|Publication number||US3623054 A|
|Publication date||Nov 23, 1971|
|Filing date||Mar 24, 1969|
|Priority date||Jun 5, 1968|
|Also published as||DE1905159A1|
|Publication number||US 3623054 A, US 3623054A, US-A-3623054, US3623054 A, US3623054A|
|Original Assignee||Bbc Brown Boveri & Cie|
|Export Citation||BiBTeX, EndNote, RefMan|
|Patent Citations (2), Referenced by (2), Classifications (7)|
|External Links: USPTO, USPTO Assignment, Espacenet|
United States Patent  Inventor Rolf Wuthrich Wettingen, Switzerland ] Appl. No. 809,517
 Filed Mar. 24, 1969  Patented Nov. 23, 1971  Assignee Aktiengesellschaft Brown, Boveri & Cie
Baden, Switzerland  Priority June 5, 1968 3 3 Switzerland  APPARATUS FOR MONITORING HIGH-VOLTAGE RECTIFIER SYSTEMS 3 Claims, 2 Drawing Figs.
 US. Cl 340/248 E [5 I int. Cl 00% 21/00  Field of Search 340/248; 32l/l2; 317/14 5 6] References Cited UNITED STATES PATENTS 3,099,828 7/1963 Kelley,.lr 340/248 3,163,801 l2/l964 Vansteenkiste ABSTRACT: Apparatus for monitoring high-voltage rectifier systems of the type which comprises a plurality of rectifier, e.g. thyristor stages connected in series to a source of highvoltage alternating current. Each stage is paralleled by a highresistance circuit which includes a primary winding ofa transformer wound on a magnetic core which is adjusted to substantially saturation level. A secondary winding linked with and common to all of the cores serves as a voltage-summing device for all of the primary windings and is connected across an indicating device for signifying when and how many of the rectifier stages signifying failed and thus whether or not the rectifier system is safely operational. All of the transformers may be constructed upon a common core which may, for example, have a U-shaped configuration and with the saturable transformer cores in the form of annular members surrounding the legs of the U.
APPARATUS FOR MONITORING HIGH-VOLTAGE RECTIFIER SYSTEMS This invention relates to an improvement in monitoring equipment for use with series-connected rectifiers such as are used to provide high-voltage rectification assemblies. In such assemblies a large number of rectifiers, in particular semiconductor rectifiers, are connected in series to fonn a string. Each rectification stage of the string may be formed by one or a group of rectifiers connected in parallel.
It is known that semiconductor rectifiers diodes are readily destroyed when subjected to excess voltages or to excess current loads. When rectifying high voltages, as is the case in some high-voltage direct-current transmission installations, a large number of rectifiers which may comprise a hundred or more thyristors are connected in series. Due allowance must be made for the possible breakdown of individual rectifiers even when they are deliberately operated well below their rated performances.
It is desirable to monitor serially connected rectifiers used with high-voltage installations to ensure that remedial action can be taken before the number of individual rectifiers which become defective is so great that the remaining rectifiers are destroyed by the increased voltage to which they are subjected. The damage to the installation should such destruction occur would naturally be considerable.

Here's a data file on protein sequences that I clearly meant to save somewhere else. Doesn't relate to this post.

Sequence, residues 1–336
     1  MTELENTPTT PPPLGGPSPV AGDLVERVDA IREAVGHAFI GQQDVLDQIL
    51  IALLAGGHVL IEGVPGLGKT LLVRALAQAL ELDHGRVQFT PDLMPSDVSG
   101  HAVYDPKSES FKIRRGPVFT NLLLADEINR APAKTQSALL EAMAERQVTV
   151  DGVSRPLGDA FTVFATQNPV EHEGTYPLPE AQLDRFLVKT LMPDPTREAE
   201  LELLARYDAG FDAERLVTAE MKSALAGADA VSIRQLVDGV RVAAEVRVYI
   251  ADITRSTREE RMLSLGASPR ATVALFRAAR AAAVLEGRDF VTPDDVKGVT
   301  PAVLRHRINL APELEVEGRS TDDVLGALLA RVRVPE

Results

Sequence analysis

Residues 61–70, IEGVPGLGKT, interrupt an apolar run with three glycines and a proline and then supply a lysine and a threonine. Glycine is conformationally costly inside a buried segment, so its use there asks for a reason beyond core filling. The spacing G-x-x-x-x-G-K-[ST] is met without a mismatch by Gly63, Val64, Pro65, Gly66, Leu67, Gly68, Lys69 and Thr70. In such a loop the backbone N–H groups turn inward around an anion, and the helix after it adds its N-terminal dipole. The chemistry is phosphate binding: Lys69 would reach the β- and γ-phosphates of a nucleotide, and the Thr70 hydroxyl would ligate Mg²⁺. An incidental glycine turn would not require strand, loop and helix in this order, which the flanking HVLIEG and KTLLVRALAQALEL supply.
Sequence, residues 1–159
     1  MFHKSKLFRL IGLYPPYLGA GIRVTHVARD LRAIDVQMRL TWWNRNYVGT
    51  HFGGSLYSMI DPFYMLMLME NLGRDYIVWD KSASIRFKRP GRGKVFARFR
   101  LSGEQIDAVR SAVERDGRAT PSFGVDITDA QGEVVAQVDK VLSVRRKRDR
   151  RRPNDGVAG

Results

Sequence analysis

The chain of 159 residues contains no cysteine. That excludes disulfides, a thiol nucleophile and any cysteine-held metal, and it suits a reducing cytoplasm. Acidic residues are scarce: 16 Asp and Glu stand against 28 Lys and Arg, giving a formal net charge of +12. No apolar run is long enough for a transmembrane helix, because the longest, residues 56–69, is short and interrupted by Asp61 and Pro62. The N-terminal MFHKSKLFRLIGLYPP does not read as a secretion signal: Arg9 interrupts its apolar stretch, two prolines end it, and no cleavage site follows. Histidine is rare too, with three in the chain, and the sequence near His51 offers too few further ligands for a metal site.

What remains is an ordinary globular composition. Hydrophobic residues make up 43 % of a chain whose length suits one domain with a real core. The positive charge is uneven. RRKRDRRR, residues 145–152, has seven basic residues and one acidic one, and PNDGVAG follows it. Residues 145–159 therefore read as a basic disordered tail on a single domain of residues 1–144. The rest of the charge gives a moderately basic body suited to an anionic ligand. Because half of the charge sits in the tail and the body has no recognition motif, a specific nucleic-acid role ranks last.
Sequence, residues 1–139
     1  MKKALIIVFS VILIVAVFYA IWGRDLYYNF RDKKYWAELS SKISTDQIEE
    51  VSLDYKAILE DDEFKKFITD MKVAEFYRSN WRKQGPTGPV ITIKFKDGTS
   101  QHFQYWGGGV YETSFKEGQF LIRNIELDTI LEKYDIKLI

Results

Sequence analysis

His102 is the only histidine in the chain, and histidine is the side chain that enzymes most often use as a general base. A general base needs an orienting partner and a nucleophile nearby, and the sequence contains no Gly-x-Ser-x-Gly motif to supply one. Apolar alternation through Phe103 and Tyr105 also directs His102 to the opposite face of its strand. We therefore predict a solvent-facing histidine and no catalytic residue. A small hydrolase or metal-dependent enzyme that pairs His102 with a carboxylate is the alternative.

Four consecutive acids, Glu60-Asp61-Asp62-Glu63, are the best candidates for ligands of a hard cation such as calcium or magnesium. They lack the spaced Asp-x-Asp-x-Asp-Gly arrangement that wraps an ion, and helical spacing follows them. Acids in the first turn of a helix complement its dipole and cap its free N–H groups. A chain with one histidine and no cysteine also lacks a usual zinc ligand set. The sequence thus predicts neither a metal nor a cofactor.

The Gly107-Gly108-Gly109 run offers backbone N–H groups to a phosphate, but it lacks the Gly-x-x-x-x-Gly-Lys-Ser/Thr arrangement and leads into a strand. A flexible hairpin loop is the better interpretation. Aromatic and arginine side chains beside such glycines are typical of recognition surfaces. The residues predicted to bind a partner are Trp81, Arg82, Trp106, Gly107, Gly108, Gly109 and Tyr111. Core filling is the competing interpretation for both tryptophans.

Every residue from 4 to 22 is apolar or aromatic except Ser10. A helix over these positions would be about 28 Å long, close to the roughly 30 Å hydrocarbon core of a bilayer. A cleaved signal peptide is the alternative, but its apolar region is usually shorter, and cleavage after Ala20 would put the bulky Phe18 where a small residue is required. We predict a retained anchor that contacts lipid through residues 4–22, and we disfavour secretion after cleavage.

SUMMARY OF THE INVENTION Monitoring equipment for use with series-connected rectification stages comprises, in accordance with the present invention, magnetic cores adapted to operate near or at their saturation levels, high-resistance shunt circuits for connection across respective stages and each including a primary winding embracing a core, and a secondary winding linked with and common to all cores, the secondary winding serving as a voltage-summing device for all of the primary windings, and which is connected across an indicating device for signifying whether or not the rectifier system is safely operational. The stages are suitably semiconductor rectifiers such as thyristors and each stage may comprise a single rectifier or a group of parallelconnected rectifiers.
Monitoring equipment embodying the invention has the advantage that the device indicating the overall operational state of the rectifiers in the series circuit arrangement is in a circuit isolated from the rectification circuit so that the monitoring circuit is not subjected to the same high voltages. A further advantage is that in the event of one of the stages becoming defective, the monitoring equipment continues to operate and it may be so arranged that it does not provide an output signifying that remedial action must be taken, unless the number of stages which have failed corresponds to a predetermined allowable maximum.
The monitoring equipment of the invention can be arranged by suitably setting the device, to ensure that functioning ofthe string of rectification stages is not disrupted merely because one or few stages of the string have become inoperative. However, should a dangerous condition be reached where failure of another stage cannot be tolerated, the device operates to signify that remedial action should be taken immediately. The fact that the device operates at a lower voltage and with a completely difierent circuit to the rectification stages allows considerably more freedom in the arrangement of the connections to the device from the monitoring equipment.
The invention will now be described in more detail, by way of example, with reference to the accompanying drawings, in which:
FIG. 1 illustrates a circuit of monitoring equipment diagrammatically; and,
FIG. 2 shows one arrangement of the magnetic cores and primary and secondary windings.